United Kingdom: Tax (4th edition)

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This country-specific Q&A provides an overview to tax laws and regulations that may occur in The United Kingdom.

It will cover witholding tax, transfer pricing, the OECD model, GAAR, tax disputes and an overview of the jurisdictional regulatory authorities.

This Q&A is part of the global guide to Tax. For a full list of jurisdictional Q&As visit http://www.inhouselawyer.co.uk/index.php/practice-areas/tax-4th-edition/

  1. How often is tax law amended and what are the processes for such amendments?

    An annual Finance Act is passed by the UK Parliament enacting substantive changes to tax law. In some years there may be more than one Finance Act. Procedural or administrative changes to tax law may be included in secondary legislation which may be passed at any time although there may be prior public consultation.

    There is public consultation in relation to most substantive changes, previously often linked to the Autumn Statement to the House of Commons of the Chancellor of the Exchequer which was followed by a Budget Statement the following March or April. Since 2018, the major fiscal event each year is a Budget in the autumn and a Spring Economic Statement.

    Draft clauses to be included in the next Finance Act are often published several months before the Act is introduced to Parliament to allow for comments. On occasion, however, changes are implemented without prior consultation.

  2. What are the principal procedural obligations of a taxpayer, that is, the maintenance of records over what period and how regularly must it file a return or accounts?

    The principal tax procedural obligation in the UK is to file a tax return. Companies are required to provide self-assessments of their corporate tax liability on delivering the return. Returns must normally be filed within 12 months of the end of the accounting period for which the return is made.

    Most employees pay their income tax through the employer company’s payroll system and are therefore not required to submit an individual tax return. However, where an employee’s tax affairs are complicated in some way (for example, by having a source of untaxed income) or where an individual is self-employed, that person is required to complete a tax return.

  3. Who are the key regulatory authorities? How easy is it to deal with them and how long does it take to resolve standard issues?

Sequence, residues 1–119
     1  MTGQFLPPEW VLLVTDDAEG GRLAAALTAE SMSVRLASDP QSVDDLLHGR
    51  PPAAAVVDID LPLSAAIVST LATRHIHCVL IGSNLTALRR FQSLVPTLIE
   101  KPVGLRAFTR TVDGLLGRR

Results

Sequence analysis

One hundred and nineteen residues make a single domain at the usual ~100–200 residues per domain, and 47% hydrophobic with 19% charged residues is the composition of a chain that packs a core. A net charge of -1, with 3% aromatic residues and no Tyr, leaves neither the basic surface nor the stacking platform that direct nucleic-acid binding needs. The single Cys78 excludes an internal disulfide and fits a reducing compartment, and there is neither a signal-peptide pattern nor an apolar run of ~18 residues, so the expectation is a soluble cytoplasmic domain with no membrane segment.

Her Majesty’s Revenue and Customs (“HMRC” or “the Revenue”) is the regulatory authority for tax matters. A 2018/19 survey shows a large drive on the part of HMRC to provide online support through new services such as the “Making Tax Digital for Business” which was launched in April 2019. This has had a mostly positive response with 80.4% of customers stating they were satisfied or very satisfied with the digital services. With 93.5% of all returns filed in 2018-2019 being filed online, this is likely to continue. Other methods of communication with HMRC were less positive HMRC missing its targets to answer a call within 5 minutes and turn around 80% of post within 15 days.

    The resolution of disputes with HMRC, particularly if leading to litigation, tends to be a relatively lengthy process. In 2017, HMRC published a commentary on its litigation and settlement strategy (LSS), the aim behind which was to provide a mechanism for HMRC to settle disputes in a non-confrontational and collaborative way. However, in practice, HMRC often approach disputes in a litigious and uncompromising manner, particularly in cases where the revenue exposure is high. This means that a large number of tax disputes still proceed all the way to courts and tribunals.

  4. Are tax disputes capable of adjudication by a court, tribunal or body independent of the tax authority, and how long should a taxpayer expect such proceedings to take?

    The first instance tribunal for most tax disputes is the Tax Chamber of the First-tier Tribunal (FTT). The Upper Tribunal (UT) commonly deals with appeals from the FTT only on matters of law. However where the case is categorised as complex and where the UT and both parties consent, the UT may hear the case at first instance. A case requiring a hearing of less than a week will usually be heard by either tribunal within a year.